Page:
For claims, the code requires trustees to review an insurer’s adverse decision on a claim within 15 business days.
Vulnerable consumers left behind
ASIC has said there are gaps in the code around catering to vulnerable members, urging the industry to better support individuals with specific needs.
It wants trustees to recognise there are problems where they too often rely on members to self-identify as vulnerable, that some trustees rely on the members authorising third parties to act on their behalf, that most trustees have no reference on their website to supported services and some funds are too reliant on their call centre agents to act as interpreters.
“When we asked trustees to tell us who their vulnerable members are, almost all responded that they treat ‘all members as vulnerable,’” ASIC’s report said.
“While there is some awareness within the industry of types of situational vulnerability (e.g. exposure to a traumatic life event that leads to an insurance claim), trustees do not have policies and processes in place that reflect this in practice.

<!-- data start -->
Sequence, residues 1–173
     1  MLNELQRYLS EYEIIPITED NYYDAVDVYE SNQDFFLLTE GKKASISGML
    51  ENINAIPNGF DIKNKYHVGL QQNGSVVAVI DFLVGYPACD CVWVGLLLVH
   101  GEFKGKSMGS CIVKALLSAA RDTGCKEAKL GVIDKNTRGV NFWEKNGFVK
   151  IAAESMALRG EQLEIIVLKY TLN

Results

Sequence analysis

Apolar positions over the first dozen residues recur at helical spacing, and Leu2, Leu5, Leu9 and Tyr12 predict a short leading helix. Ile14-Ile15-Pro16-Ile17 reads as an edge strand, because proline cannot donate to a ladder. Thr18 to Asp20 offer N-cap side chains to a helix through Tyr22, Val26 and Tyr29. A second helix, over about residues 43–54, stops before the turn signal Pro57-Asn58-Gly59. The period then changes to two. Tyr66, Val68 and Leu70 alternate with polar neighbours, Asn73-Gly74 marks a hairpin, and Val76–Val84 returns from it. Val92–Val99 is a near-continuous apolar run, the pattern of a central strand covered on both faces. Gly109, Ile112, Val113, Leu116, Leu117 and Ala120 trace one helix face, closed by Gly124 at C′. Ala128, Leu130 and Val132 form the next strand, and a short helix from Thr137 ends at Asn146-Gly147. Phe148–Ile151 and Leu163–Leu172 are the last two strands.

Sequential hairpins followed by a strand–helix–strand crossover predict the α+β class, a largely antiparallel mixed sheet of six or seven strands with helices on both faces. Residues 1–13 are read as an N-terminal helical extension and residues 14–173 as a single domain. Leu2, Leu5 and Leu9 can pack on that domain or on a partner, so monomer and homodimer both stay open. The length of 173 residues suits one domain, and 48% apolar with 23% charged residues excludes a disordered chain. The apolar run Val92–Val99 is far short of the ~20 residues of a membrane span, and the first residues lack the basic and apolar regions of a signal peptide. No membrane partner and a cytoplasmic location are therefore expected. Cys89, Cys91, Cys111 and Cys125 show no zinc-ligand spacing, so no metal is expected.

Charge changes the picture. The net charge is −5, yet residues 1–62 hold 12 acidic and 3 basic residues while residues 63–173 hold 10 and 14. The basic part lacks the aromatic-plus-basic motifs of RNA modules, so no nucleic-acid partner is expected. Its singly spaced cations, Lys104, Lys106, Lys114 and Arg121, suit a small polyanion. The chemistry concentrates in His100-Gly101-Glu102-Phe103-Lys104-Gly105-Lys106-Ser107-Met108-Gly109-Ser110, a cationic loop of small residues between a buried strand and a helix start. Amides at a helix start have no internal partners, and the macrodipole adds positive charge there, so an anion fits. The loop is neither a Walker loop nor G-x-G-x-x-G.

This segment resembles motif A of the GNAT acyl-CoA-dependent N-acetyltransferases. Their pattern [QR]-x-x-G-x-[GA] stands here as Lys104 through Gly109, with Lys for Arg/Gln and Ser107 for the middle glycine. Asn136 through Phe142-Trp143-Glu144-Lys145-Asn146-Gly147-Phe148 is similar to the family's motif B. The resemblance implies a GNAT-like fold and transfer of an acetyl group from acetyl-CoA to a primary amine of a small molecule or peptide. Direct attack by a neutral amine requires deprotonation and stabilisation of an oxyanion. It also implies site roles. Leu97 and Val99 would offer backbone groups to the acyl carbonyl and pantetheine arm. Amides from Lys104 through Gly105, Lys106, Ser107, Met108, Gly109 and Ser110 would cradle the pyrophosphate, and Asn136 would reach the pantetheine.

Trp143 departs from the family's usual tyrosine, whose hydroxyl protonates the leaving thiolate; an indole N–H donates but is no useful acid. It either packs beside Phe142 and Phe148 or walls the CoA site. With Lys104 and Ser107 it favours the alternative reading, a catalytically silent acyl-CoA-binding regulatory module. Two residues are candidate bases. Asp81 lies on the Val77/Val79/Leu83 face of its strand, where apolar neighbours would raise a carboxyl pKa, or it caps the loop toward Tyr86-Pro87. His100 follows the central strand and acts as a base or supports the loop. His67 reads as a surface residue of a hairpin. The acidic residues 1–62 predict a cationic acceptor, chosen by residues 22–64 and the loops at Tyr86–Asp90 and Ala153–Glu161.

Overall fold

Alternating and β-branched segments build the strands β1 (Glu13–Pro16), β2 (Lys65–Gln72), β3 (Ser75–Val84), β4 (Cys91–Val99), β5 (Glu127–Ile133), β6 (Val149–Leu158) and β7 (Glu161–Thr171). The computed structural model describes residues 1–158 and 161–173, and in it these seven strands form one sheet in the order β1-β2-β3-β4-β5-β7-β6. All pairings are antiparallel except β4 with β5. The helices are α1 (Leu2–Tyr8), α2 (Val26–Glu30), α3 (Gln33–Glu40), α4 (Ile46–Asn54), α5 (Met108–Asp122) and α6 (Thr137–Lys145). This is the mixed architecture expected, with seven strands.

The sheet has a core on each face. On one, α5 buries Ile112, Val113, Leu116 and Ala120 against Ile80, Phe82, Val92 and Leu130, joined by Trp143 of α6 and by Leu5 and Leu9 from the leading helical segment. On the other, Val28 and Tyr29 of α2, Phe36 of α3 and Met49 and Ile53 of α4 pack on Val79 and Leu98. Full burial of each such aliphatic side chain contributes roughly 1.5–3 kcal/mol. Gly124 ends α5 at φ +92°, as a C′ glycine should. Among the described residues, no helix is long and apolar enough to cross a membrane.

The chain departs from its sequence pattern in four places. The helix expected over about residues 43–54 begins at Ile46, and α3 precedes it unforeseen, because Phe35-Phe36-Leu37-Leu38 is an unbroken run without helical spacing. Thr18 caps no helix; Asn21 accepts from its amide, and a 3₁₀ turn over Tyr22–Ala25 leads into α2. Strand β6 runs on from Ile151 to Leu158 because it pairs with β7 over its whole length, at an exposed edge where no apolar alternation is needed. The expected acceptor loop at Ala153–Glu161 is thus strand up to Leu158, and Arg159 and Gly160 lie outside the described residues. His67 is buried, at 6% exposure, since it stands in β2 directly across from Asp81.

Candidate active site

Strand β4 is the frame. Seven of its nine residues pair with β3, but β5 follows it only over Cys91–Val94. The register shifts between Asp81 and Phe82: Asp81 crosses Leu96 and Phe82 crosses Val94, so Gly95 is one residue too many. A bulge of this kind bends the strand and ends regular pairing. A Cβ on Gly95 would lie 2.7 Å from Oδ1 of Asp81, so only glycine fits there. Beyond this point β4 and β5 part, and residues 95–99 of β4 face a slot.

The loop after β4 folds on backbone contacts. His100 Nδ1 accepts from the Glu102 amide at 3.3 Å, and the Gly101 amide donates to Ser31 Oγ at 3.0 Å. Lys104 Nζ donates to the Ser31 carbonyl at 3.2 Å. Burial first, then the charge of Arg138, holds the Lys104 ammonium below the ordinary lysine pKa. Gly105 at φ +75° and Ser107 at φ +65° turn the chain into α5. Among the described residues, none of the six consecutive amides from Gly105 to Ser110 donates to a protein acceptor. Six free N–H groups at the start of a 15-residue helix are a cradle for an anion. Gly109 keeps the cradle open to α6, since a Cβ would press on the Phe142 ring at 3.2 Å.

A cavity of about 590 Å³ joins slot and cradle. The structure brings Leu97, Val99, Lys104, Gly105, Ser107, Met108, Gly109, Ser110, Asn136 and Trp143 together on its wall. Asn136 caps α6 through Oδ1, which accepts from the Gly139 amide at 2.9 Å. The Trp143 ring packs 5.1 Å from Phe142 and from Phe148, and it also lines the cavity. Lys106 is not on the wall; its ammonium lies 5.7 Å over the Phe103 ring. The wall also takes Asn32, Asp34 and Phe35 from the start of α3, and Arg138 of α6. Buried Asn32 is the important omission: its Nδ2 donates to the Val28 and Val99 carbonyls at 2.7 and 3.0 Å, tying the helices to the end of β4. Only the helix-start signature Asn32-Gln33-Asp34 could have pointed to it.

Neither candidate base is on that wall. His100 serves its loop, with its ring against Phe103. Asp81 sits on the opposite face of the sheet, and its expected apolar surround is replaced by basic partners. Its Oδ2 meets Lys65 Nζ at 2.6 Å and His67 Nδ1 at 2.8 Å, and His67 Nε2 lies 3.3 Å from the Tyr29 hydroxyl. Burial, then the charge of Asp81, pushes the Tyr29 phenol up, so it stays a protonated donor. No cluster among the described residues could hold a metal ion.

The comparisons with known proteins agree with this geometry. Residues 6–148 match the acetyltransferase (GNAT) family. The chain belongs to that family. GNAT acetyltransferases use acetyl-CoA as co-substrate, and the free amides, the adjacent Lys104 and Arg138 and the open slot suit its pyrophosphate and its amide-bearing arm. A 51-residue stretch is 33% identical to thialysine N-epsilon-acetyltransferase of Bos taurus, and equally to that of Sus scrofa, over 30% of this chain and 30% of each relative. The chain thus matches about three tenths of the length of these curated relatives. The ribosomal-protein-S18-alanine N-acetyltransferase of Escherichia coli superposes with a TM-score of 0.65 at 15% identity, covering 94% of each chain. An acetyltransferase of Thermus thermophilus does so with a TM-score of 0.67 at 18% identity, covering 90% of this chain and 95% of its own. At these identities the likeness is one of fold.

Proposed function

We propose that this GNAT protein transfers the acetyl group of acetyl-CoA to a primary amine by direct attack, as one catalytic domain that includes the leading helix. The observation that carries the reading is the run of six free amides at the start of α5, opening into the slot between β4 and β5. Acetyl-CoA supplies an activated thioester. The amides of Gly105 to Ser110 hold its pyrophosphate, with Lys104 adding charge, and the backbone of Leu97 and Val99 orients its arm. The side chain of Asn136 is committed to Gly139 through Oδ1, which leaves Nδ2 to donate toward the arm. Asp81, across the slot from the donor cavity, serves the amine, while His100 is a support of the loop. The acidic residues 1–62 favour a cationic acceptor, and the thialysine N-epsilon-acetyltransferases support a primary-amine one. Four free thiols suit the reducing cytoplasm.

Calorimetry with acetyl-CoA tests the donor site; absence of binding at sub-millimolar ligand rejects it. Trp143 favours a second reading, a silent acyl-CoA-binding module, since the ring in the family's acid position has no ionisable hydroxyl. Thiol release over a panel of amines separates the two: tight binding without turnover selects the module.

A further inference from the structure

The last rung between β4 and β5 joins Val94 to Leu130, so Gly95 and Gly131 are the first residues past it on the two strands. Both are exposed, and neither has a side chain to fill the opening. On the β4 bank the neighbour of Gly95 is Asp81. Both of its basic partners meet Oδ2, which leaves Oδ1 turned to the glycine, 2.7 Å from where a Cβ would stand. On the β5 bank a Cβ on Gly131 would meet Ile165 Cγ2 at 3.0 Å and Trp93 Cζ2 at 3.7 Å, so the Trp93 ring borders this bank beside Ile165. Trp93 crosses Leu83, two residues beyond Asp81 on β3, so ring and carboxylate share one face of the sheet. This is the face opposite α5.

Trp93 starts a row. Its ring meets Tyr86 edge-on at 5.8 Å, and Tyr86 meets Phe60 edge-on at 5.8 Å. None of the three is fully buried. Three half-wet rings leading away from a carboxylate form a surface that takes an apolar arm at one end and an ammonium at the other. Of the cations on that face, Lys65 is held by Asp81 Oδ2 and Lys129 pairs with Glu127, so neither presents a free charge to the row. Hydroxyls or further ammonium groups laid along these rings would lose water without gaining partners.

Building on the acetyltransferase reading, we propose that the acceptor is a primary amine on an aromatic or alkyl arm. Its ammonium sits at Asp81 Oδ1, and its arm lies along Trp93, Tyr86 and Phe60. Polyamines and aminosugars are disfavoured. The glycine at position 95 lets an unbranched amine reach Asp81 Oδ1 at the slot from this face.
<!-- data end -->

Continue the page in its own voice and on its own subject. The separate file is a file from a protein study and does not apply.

“It was notable that only a few trustees have policies for vulnerable members, and that these policies are often not well defined. A majority of trustees [appear] reluctant to engage with vulnerable members in a systematic way, and many were unable to demonstrate a good understanding of their membership and their needs.”
The regulator has planned further work looking at issues relevant to consumer outcomes in relation to insurance in superannuation.
It has signalled there will be further reports in the financial year.